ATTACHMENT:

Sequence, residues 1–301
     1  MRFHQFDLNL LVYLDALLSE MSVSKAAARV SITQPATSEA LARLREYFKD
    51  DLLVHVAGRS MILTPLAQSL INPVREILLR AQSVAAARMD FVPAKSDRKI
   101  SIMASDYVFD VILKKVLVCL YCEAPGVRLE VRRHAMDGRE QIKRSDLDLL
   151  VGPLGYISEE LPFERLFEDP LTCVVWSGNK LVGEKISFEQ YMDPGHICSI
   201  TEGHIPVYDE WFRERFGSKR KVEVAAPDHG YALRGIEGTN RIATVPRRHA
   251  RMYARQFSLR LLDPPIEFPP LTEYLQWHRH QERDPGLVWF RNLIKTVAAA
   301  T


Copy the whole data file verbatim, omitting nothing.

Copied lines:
Sequence, residues 1–301
     1  MRFHQFDLNL LVYLDALLSE MSVSKAAARV SITQPATSEA LARLREYFKD
    51  DLLVHVAGRS MILTPLAQSL INPVREILLR AQSVAAARMD FVPAKSDRKI
   101  SIMASDYVFD VILKKVLVCL YCEAPGVRLE VRRHAMDGRE QIKRSDLDLL
   151  VGPLGYISEE LPFERLFEDP LTCVVWSGNK LVGEKISFEQ YMDPGHICSI
   201  TEGHIPVYDE WFRERFGSKR KVEVAAPDHG YALRGIEGTN RIATVPRRHA
   251  RMYARQFSLR LLDPPIEFPP LTEYLQWHRH QERDPGLVWF RNLIKTVAAA
   301  T